Dell XPS T450 how to clear Bios Password

Discussion in 'Computer Support' started by W, May 20, 2006.

  1. W

    W Guest

    I have an ancient Dell XPS T450 which has a user password set in the BIOS
    which has to be entered every time the PC boots. This is tiresome and I
    would like to clear it but can not find an obvious way to do this in the
    BIOS. I also have a Dell Dimension 4100 (same case) and this PC does have a
    clear password option in the BIOS.
    I would prefer no to resent the BIOS and would be grateful for any advice on
    how to clear this password.
    Thanks.
     
    W, May 20, 2006
    #1
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  2. W

    why? Guest

    On Sat, 20 May 2006 15:38:37 +0100, W wrote:

    >I have an ancient Dell XPS T450 which has a user password set in the BIOS
    >which has to be entered every time the PC boots. This is tiresome and I


    www.dell.com , follow the links for Home Office then Support with the
    service tag to identify the system. This will take you to the manuals
    and FAQ.

    <snip>

    Me
     
    why?, May 20, 2006
    #2
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  3. W

    pcbutts1 Guest

    Sounds like a system password set in the bios, since you have the password
    you should be able to get into the bios to turn it off. Just check every
    screen until you find it. Otherwise you have to clear it by resetting it.
    Temporarily disable your antivirus software, do a Google search for "kill
    cmos" down load it and run it.

    --


    The best live web video on the internet http://www.seedsv.com/webdemo.htm
    NEW Embedded system W/Linux. We now sell DVR cards.
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    "W" <> wrote in message
    news:...
    >I have an ancient Dell XPS T450 which has a user password set in the BIOS
    >which has to be entered every time the PC boots. This is tiresome and I
    >would like to clear it but can not find an obvious way to do this in the
    >BIOS. I also have a Dell Dimension 4100 (same case) and this PC does have
    >a clear password option in the BIOS.
    > I would prefer no to resent the BIOS and would be grateful for any advice
    > on how to clear this password.
    > Thanks.
    >
     
    pcbutts1, May 20, 2006
    #3
  4. W

    thanatoid Guest

    "W" <> wrote in
    news::

    > I have an ancient Dell XPS T450 which has a user password
    > set in the BIOS which has to be entered every time the PC
    > boots. This is tiresome and I would like to clear it but
    > can not find an obvious way to do this in the BIOS. I also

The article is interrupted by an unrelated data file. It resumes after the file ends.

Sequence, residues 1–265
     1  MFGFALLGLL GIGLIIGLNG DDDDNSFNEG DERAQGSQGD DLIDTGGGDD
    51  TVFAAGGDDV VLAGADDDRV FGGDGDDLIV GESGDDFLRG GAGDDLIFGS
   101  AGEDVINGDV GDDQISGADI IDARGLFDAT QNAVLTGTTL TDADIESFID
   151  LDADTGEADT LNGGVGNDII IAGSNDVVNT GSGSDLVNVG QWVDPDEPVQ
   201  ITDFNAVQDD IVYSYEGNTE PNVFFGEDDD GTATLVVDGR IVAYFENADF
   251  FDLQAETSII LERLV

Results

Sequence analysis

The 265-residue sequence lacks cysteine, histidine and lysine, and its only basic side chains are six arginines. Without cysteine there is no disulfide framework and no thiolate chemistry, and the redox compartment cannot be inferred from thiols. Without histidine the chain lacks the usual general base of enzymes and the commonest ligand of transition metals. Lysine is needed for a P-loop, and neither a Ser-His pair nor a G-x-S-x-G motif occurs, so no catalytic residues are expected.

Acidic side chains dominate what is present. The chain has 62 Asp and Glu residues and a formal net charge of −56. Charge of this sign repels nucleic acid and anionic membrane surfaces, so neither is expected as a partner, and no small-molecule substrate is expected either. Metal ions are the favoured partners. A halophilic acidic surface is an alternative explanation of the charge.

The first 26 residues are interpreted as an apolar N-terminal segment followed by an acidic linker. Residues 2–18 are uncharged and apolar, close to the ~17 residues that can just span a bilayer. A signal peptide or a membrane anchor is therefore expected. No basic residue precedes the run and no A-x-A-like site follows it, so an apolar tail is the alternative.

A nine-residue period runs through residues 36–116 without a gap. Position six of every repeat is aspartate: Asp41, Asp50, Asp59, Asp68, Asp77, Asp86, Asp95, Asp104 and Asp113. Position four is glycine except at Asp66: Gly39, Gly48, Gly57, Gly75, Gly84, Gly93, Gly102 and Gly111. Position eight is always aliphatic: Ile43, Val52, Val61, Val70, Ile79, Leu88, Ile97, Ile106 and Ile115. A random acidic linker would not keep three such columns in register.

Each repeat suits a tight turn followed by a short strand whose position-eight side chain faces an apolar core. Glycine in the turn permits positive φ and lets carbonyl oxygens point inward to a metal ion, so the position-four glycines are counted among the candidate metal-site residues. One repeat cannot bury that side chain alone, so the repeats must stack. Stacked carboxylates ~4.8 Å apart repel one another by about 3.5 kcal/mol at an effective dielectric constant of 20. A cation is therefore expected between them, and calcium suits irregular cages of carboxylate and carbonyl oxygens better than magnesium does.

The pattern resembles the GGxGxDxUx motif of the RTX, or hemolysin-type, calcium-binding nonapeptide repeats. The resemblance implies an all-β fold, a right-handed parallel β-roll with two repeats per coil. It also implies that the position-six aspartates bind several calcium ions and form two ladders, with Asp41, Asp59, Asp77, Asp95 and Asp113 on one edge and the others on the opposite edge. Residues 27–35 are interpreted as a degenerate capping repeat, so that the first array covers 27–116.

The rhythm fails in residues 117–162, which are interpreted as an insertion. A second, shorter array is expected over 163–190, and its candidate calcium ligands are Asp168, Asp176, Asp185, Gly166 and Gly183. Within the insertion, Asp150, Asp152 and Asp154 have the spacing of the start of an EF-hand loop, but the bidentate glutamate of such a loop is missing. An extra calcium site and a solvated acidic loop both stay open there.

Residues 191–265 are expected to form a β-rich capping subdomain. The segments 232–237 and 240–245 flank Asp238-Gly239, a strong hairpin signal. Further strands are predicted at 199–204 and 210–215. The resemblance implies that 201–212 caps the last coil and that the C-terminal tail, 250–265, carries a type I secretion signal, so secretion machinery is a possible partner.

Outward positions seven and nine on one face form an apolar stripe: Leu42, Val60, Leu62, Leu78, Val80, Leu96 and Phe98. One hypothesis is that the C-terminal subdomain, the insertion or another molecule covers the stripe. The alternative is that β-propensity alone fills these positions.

> have a Dell Dimension 4100 (same case) and this PC does
    > have a clear password option in the BIOS.
    > I would prefer no to resent the BIOS and would be grateful
    > for any advice on how to clear this password.
    > Thanks.
    >
    >


    You obviously HAVE the password, so you can change it to blank.
    The password setting HAS to be somewhere, you're not looking
    hard enough.

    If you REALLY can't find it, the link to manuals someone just
    gave you might help. But an amazing amount of VERY important
    info is sometimes left out of manuals.

    Personally, I'd just leave it. Having someone (roommate,
    coworker, kid, wife, gf) mess with your computer and **** it up
    really good is a lot worse then having to hit 5 or 10 keys once
    or twice a day (week?).

    The first thing I do with any computer I get or have to use is
    put in a BIOS password. Then I format, partition, and then I
    install DOS and Xtree Gold for DOS.
    Just a little useless information for you.

    BTW, BIOS passwords can sometimes be totally ineffective. IIRC,
    some years ago (I have no idea of it is still the case) you
    could get into any Award BIOS machine by typing AWARD instead of
    whatever the p/w actually was set to. I don't have that much
    experience with different machines, but I suspect brand name
    machines maybe did not offer that "feature" (sure is a good
    thing Microsoft does not make BIOS chips...).

    Of course, you can also take out the battery or the BIOS chip
    for a moment and the "door" opens. But a surprising amount of
    people don't think of it.


    --
    thanatoid-TipĀ® #20
    There are dark and scary tunnels where awful things happen to
    you, and there are soft, warm and friendly tunnels which are as
    close to paradise as you get on this shitball.
     
    thanatoid, May 21, 2006
    #4
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